By Bob Dutton The News Tribune
DETROIT — Take a look at the standings. It’s the middle of August and, if the season ended now, the Seattle Mariners would be in the postseason for the first time in 13 years.
The season is, roughly, at the three-quarters mark.
Ready to believe yet?
The Mariners surged past Detroit in the race for the American League’s final wild-card berth Friday night with a 7-2 victory over the Tigers at Comerica Park.
“It’s a good feeling,” first baseman Logan Morrison said. “We feel like when we get them on, we get them in. We’ve got to keep it rolling. We know what our record is when we score four or more.
“That’s what we’re trying to do every night. Four or more.”
Morrison and Endy Chavez contributed RBI singles to a three-run second inning against Tigers starter Rick Porcello, who had allowed fewer than three runs in eight of his previous 10 starts.
Robinson Cano’s leadoff homer in the third inning made it 4-0 and … well, the Mariners are now 49-10 when they score four runs or more. And four was plenty for James Paxton and the Mariners’ bullpen.
Paxton (3-0) scrambled at times but yielded just one run and five hits in six innings before Tom Wilhelmsen, Dominic Leone and Danny Farquhar closed it out.
“It was definitely a battle tonight,” Paxton said. “I didn’t have a good feel for my release point on my off-speed stuff. Fastball was good, and I’m lucky it was.”
The Mariners (66-55) now hold a one-half game lead over the Tigers (65-55) in the wild-card race. The Mariners also closed to within 61/2 games of first-place Oakland in the AL West.
The only concern was Cano, who left the game in the eighth inning as a precaution after fouling a ball off his foot earlier in the game. The initial prognosis is encouraging.
“He’s just a little sore,” manager Lloyd McClendon said. “He should be OK. I took him out to get treatment. Hopefully, it doesn’t swell on him.”
The Mariners matched a season high with their fifth consecutive victory and have won nine of their past 10. They also extended a club record by yielding three or fewer runs for the 13th consecutive game.
While Paxton wasn’t sharp — he bounced several off-speed pitches — he is now 6-0 with a 1.88 ERA in nine career starts. No other starter in franchise history has won his first six decisions.
“He’s a guy who doesn’t want to put any pitches to the side,” catcher Mike Zunino said. “We continue to use all of them. That’s enough to leave a little doubt in the hitter’s mind. He has to respect all three of them.”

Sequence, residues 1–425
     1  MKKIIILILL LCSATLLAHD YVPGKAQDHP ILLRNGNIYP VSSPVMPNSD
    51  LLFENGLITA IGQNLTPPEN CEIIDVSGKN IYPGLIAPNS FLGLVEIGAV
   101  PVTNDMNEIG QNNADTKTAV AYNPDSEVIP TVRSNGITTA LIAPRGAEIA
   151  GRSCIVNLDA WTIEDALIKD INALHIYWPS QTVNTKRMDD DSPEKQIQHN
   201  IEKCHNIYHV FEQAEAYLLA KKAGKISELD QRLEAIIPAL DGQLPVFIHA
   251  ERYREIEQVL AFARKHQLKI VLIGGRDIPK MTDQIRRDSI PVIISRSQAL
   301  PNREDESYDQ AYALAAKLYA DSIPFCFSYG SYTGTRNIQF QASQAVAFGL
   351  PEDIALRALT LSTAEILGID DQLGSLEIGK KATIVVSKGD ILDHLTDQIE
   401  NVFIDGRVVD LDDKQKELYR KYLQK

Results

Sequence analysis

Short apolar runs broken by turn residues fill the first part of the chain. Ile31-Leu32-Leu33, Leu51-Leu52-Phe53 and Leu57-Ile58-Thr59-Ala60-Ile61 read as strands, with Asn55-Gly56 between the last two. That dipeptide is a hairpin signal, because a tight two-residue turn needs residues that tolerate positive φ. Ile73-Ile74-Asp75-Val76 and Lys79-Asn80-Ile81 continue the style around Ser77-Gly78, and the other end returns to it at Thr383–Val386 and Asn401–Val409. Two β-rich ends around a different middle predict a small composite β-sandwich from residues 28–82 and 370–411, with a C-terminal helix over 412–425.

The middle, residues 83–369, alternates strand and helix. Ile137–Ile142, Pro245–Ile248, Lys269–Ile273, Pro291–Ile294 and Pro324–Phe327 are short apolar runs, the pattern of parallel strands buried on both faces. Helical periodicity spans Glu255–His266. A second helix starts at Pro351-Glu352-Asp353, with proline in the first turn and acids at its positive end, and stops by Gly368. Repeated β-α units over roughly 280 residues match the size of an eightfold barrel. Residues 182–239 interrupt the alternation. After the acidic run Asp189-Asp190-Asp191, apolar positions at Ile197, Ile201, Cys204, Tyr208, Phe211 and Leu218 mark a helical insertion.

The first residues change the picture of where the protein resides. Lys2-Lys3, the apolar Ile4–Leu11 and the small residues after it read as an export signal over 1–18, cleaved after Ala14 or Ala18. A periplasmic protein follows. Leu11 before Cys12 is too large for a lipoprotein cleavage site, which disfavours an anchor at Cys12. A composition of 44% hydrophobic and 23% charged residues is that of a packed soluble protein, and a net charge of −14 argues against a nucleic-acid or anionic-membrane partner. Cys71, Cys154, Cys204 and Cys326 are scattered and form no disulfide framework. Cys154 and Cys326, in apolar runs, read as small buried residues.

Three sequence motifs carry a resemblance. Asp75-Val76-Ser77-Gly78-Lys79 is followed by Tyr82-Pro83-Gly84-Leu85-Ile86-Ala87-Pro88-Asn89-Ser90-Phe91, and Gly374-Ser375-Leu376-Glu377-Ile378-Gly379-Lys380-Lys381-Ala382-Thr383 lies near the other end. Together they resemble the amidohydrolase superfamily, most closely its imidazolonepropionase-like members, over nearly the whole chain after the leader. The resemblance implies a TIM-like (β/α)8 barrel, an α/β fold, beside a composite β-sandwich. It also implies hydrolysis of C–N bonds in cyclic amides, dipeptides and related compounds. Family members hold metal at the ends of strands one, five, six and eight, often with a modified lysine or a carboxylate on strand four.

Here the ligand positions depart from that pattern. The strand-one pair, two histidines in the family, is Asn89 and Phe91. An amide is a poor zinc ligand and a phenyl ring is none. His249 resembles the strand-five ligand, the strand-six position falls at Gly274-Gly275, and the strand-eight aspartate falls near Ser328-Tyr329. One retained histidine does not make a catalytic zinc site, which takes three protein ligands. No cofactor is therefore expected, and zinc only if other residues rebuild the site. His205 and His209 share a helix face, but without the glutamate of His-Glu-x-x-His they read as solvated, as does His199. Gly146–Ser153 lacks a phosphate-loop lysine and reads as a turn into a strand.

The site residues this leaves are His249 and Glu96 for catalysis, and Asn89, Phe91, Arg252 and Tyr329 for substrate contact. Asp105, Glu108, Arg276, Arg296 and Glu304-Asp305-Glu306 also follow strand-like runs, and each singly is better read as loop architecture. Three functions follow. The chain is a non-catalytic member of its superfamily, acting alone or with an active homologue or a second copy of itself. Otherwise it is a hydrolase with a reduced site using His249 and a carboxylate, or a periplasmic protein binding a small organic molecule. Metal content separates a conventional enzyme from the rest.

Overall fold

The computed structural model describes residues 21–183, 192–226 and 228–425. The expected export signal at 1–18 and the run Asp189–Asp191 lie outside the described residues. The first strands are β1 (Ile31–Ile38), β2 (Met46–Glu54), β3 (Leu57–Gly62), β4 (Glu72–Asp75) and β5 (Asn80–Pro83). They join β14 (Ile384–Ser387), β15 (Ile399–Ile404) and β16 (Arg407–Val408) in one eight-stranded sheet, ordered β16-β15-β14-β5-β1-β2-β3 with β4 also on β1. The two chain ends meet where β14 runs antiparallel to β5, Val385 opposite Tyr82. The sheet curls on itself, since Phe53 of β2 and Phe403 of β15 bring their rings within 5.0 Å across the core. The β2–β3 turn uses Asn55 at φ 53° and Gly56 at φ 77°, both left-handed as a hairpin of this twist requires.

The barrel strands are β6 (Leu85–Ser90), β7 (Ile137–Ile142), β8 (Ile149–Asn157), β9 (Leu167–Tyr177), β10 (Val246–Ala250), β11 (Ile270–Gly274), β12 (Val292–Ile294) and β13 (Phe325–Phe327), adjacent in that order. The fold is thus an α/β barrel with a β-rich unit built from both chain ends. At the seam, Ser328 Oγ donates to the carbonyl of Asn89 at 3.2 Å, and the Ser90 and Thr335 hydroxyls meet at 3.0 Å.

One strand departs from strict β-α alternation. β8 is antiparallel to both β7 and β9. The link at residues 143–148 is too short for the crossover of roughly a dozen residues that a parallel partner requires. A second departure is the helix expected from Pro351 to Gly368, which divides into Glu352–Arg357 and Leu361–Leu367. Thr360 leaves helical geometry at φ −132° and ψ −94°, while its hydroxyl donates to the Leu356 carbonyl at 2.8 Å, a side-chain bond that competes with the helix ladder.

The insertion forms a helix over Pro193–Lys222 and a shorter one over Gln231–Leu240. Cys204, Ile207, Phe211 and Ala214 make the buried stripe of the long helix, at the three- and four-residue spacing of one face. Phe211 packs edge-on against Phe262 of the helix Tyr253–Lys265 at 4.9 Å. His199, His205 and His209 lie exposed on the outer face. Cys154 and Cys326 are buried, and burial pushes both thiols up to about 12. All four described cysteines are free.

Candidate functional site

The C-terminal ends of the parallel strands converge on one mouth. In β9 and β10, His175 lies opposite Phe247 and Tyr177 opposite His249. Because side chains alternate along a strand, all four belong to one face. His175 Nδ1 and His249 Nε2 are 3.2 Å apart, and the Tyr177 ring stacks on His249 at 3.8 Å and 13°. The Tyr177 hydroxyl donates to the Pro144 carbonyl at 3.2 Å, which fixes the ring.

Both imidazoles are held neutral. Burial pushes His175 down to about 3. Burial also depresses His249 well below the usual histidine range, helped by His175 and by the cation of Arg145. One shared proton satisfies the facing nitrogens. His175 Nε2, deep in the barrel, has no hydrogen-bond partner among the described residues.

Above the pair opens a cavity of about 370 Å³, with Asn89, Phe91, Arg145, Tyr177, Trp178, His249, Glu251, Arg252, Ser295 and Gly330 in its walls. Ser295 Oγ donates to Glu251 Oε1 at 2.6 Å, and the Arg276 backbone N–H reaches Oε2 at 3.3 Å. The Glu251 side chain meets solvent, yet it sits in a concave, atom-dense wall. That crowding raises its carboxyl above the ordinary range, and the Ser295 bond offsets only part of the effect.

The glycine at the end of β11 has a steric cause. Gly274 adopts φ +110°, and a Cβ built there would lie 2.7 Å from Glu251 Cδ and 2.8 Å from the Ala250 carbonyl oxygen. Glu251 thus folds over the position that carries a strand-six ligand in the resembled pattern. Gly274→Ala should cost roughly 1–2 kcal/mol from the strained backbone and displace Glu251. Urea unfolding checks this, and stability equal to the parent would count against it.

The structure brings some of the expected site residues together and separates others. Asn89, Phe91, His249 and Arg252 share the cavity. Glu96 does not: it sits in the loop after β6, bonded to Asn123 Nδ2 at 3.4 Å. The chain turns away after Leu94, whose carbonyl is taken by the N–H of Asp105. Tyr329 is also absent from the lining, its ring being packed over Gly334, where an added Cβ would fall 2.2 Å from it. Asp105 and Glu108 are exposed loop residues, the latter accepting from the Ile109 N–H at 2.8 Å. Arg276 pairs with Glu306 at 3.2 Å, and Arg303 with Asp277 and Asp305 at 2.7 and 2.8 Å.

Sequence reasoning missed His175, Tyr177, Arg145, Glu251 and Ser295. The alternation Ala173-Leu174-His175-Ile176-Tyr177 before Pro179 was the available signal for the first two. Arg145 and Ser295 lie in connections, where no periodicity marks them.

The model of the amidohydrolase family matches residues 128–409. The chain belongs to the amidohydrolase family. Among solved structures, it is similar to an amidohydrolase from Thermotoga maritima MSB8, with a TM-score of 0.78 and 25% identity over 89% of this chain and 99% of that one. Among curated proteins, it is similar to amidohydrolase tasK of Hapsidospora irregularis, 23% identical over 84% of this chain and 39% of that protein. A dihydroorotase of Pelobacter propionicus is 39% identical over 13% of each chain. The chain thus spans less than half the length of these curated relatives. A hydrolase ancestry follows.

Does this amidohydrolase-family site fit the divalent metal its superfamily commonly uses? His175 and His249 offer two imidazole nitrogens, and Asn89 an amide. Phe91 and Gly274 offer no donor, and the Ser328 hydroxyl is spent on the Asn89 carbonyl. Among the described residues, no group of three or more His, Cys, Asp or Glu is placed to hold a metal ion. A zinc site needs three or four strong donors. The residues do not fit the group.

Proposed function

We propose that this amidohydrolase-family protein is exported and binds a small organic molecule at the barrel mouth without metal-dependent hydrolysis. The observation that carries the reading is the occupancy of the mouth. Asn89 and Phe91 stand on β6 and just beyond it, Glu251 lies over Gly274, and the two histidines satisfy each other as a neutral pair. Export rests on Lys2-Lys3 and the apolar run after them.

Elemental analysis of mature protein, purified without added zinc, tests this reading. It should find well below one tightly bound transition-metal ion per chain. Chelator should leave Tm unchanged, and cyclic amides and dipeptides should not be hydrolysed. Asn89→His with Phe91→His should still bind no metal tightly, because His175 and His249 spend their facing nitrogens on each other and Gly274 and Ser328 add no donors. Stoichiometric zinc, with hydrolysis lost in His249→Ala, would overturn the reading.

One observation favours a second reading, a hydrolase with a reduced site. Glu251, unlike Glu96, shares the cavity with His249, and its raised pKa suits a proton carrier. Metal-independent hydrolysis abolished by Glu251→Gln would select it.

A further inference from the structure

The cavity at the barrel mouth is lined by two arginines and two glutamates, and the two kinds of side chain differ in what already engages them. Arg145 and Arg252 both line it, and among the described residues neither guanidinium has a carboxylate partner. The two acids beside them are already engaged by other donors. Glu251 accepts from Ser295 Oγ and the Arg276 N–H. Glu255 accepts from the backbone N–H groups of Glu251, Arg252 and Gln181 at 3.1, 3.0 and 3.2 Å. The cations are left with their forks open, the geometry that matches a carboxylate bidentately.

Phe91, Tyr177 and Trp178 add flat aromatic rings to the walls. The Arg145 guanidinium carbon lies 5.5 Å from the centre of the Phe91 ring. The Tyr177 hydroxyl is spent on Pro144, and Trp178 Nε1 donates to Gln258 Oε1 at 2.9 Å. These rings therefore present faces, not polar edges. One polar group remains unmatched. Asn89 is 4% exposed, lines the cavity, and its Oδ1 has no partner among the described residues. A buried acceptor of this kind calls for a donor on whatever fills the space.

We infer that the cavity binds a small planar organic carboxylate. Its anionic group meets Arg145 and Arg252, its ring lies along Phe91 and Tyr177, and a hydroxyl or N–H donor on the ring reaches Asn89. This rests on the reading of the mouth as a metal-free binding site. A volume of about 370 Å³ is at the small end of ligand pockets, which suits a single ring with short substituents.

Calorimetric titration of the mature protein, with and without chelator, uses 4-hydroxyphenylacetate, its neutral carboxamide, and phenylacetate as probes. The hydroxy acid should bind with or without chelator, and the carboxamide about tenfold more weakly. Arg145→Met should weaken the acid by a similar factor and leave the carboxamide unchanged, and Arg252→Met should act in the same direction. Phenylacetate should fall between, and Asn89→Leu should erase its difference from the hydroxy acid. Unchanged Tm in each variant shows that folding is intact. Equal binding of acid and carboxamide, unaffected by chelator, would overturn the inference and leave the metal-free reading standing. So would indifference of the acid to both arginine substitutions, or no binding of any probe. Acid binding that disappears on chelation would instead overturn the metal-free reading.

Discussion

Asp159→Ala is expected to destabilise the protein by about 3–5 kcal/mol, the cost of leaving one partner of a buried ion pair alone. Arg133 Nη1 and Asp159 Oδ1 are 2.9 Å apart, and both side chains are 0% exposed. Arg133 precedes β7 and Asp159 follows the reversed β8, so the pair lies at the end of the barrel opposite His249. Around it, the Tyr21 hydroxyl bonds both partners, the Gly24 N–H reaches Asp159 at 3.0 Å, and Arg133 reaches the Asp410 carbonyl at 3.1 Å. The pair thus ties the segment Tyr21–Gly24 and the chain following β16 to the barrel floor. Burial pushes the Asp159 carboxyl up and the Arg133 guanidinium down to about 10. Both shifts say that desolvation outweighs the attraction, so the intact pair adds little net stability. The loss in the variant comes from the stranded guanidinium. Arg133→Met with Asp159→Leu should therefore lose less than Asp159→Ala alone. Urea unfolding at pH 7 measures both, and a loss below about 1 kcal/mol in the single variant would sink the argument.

The sellout Comerica Park crowd of 42,385 greeted ex-Tigers outfielder Austin Jackson with a standing ovation when he led off the game for the Mariners. The Detroit bench joined in the applause.
Jackson spent four-plus seasons with the Tigers before a July 31 trade sent him to the Mariners. That ovation was, pretty much, the highlight of Jackson’s night. He went 0-for-5.
The Mariners, on this night, didn’t need him.
Paxton worked out of a first-and-third jam in the first inning after Miguel Cabrera sliced a two-out double to right field and went to third when shortstop Chris Taylor booted Victor Martinez’s grounder.
The error didn’t faze Taylor, who fielded Torii Hunter’s grounder on the next pitch and glove-flipped the ball to Cano at second.
“I don’t think it had anything to do with that (the error),” Taylor said. “I’ve never really done that before. It kind of just happened. I’ve been doing it a little bit in BP. I don’t have an explanation for it.”
The Mariners then struck for three runs in the second inning after Kyle Seager led off with a single. Porcello hit Zunino in the back before surrendering those RBI singles to Morrison and Chavez.
Taylor’s bunt single loaded the bases with no outs. Jackson’s double-play grounder to short stretched the lead to 3-0. The night only got worse for Porcello, who dropped to 13-8 after yielding six runs in six innings.
“I just didn’t pitch well,” Porcello said. “I was up in the zone. My patterns weren’t very effective. It was one of those nights where everything was up in the zone.”
Trailing 4-0, Detroit scratched one run back in the third when Rajai Davis tripled to right and scored on Ian Kinsler’s grounder to short.
It could have been more.
Cabrera doubled again, past a leaping Jackson in center, but Taylor saved a run with a sparkling play on a Martinez grounder deep into the left-side hole. Taylor made a diving stop and a long throw, which Morrison dug out at first.
The Mariners stretched their lead to 6-1 with single runs in the fourth and fifth. It was more than enough.